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Spokane, Washington  Est. May 19, 1883
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‘It was a war for the right reasons’: 99-year-old WWII vet from Spokane recalls V-J Day

Sept. 2, 2020 Updated Wed., Sept. 2, 2020 at 10:43 a.m.

In the summer of 1945, First Lt. Clifford Rankin was back in Spokane and home from the war for a little rest and recuperation.

“Mostly, I was getting drunk and chasing girls,” Rankin said.

Who could blame him?

He’d survived 33 missions as a B-17 pilot in the angry skies of Nazi Germany; now he was waiting to be shipped off to the Pacific to finish the war against Japan.

“I didn’t want to go,” Rankin said. “I’d been in one war and didn’t want to go another.”

He didn’t have to.

Seventy-five years ago, on Sept. 2, 1945, the bloodiest war came to an end when the Japanese signed surrender documents in Tokyo Bay.

And Rankin could get on with his life.

It’s been a good one. Now 99, Rankin can look back on raising a family, running a successful dental practice for almost four decades and a retirement full of travel and good friends.

Many of those friends are stopping by the Rankin home on the South Hill, wishing him the best while hospice workers and his wife Carol tended to his needs.

His body is failing, but Rankin’s mind is sharp and his memory clear as he recalls those historic days, when America’s Greatest Generation won the war, then put down their weapons to win the peace.

“It was a good war,” said Rankin, who joined the Army Air Corps before finishing his bachelor’s degree at Washington State. “Everybody wanted to be in it, and nobody wanted to be left out.”

“And we were happy to do it,” said Rankin, who witnessed that common goal as a young man in Spokane and Pullman.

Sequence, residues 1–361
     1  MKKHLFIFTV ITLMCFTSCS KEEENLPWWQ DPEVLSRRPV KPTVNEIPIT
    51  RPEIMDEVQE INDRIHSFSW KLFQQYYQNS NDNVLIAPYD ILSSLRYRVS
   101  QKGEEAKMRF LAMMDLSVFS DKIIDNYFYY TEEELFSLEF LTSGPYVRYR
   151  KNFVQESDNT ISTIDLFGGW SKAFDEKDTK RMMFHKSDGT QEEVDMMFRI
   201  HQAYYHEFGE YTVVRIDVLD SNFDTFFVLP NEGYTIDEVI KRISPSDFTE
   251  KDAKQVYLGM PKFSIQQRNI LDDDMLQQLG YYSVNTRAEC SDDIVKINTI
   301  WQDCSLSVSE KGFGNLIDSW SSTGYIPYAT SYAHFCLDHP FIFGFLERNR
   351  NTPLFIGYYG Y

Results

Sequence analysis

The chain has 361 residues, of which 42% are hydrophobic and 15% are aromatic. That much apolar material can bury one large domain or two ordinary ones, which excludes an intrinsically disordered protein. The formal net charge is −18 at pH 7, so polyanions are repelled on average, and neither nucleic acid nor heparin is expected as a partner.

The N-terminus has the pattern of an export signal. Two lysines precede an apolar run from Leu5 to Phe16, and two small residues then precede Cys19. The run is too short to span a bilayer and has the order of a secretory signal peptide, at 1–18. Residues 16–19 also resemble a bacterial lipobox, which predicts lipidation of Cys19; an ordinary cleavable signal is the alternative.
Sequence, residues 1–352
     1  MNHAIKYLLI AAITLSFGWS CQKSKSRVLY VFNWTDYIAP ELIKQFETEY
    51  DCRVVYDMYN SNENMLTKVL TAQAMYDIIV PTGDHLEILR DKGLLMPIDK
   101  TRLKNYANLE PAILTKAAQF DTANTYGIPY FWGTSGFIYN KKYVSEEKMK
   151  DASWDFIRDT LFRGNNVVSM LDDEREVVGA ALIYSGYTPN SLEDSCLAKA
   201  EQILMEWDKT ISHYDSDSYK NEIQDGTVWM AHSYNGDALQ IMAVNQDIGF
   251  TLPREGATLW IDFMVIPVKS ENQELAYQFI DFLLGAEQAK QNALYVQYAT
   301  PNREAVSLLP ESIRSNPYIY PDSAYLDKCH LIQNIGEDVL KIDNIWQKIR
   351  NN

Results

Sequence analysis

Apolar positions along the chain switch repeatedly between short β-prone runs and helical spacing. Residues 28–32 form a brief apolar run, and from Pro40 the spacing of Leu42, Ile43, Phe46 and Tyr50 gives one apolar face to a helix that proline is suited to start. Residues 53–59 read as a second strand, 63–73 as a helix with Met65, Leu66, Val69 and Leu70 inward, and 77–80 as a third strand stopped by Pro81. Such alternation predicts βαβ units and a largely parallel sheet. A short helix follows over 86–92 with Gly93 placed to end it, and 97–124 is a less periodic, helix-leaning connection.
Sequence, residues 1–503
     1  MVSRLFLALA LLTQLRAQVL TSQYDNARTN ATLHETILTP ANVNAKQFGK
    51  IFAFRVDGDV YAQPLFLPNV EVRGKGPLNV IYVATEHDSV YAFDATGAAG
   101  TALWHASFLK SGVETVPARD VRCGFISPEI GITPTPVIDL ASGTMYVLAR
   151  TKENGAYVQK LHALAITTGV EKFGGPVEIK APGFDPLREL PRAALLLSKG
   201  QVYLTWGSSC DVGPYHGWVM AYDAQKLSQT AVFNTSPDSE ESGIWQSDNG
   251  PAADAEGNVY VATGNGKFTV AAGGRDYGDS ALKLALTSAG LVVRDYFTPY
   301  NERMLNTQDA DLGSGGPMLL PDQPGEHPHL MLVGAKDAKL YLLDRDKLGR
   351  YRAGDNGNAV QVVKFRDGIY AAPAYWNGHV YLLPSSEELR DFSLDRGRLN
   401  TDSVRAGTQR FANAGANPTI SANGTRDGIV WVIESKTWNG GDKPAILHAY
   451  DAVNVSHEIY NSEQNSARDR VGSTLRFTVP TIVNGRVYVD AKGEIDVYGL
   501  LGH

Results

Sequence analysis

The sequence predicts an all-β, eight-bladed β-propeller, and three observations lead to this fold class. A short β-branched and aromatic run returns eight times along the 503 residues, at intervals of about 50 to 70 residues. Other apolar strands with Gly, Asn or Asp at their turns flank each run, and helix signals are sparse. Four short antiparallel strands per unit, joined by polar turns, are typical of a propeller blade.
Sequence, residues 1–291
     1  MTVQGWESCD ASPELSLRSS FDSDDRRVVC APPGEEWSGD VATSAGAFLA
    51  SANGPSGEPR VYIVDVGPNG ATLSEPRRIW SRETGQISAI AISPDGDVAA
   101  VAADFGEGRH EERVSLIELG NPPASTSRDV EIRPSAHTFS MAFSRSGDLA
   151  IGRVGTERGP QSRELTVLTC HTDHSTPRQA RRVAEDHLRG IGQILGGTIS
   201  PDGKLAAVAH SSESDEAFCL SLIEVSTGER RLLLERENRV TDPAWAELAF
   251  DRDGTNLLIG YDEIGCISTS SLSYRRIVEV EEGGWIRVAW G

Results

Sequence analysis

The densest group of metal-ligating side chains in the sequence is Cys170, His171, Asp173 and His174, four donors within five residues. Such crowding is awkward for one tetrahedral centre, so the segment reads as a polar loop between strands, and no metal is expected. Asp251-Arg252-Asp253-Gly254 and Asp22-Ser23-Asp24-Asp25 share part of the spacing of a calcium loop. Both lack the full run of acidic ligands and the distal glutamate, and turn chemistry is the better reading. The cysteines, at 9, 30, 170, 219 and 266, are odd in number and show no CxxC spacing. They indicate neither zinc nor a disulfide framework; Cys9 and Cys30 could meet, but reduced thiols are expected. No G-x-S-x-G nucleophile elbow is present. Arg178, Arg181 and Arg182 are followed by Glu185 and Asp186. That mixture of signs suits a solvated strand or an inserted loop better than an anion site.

“It was a whole different world,” said Rankin as he recalled his family “saving tin foil by the pound.”

In many ways Rankin is emblematic of his generation, a life that reaches almost back to World War I.

Rankin and his three siblings grew up on the lower South Hill, where they rode sleds down the treacherous hill at 17th and Ray, watched silent films at the old Orpheum Theater and walked to school on dirt roads.

He was raised by parents “who taught me to tell the truth, finish a job and don’t complain,” recalled Rankin, who graduated from Lewis and Clark High School in 1939.

Along the way he raised money by cutting trees, stacking 100-pound bags of sugar and working as an elevator operator at the Crescent department store.

For two years, Rankin attended Spokane Junior College, which occupied the current Manito Shopping Center site at the corner of 29th Avenue and Grand Boulevard. By the fall of 1941, he was in Pullman and stayed there until the spring of ’43.

By then he’d already enlisted in the Army Air Corps – “because I didn’t want to be in the infantry,” Rankin said.

As it turned out, being on the ground might have been safer. Called to active duty in February of 1943, he shared a tar-paper hut with his comrades and ate food that was “frozen and awful to begin with.”

Hundreds of hours of training led him to a B-17 base in southeastern England, where he was based for all 33 missions.

Most were flown in weather so awful, pilots couldn’t see their neighboring planes.

“If you saw a bright red light, you knew that two planes had collided,” Rankin said.

During one mission, an engine began to fail.

“We couldn’t maintain air speed,” recalled Rankin, who ordered the bombs dropped and headed for home.

On another mission, Rankin’s B-17 ran low on fuel and was forced to land in Allied-occupied Belgium.

Despite a few close calls, Rankin beat the odds.

More than 50,000 American airmen lost their lives in World War II, most of them on bombing missions over Germany.

The war was still raging when Rankin was sent home after his 33rd mission. He fondly recalls the fancy-dressed waiters aboard the liner Queen Elizabeth, which had been converted into a troopship. Also on board were wounded Americans from the Battle of the Bulge.

He surprised his parents, then pondered a future that hopefully didn’t include a bombing run over Tokyo.

“I wanted to get on with my life – everyone did,” Rankin said. “When the war was over, the war was over, we wanted to get on and do something else.”

He was briefly entranced with the idea of becoming a commercial pilot. But as Rankin waited, he met some old college friends who had become dentists.

With the help of a recommendation from Crescent owner Eugene Shadle, he gained admission to the University of Oregon dental school in Portland, returned home and built a successful practice downtown.

“I enjoyed going to work every day for 37 years,” said Rankin, who also traveled the world.

“But I am so glad that I went to war,” he said. “It was a war for the right reasons – every American was involved in some way to serve their country.”

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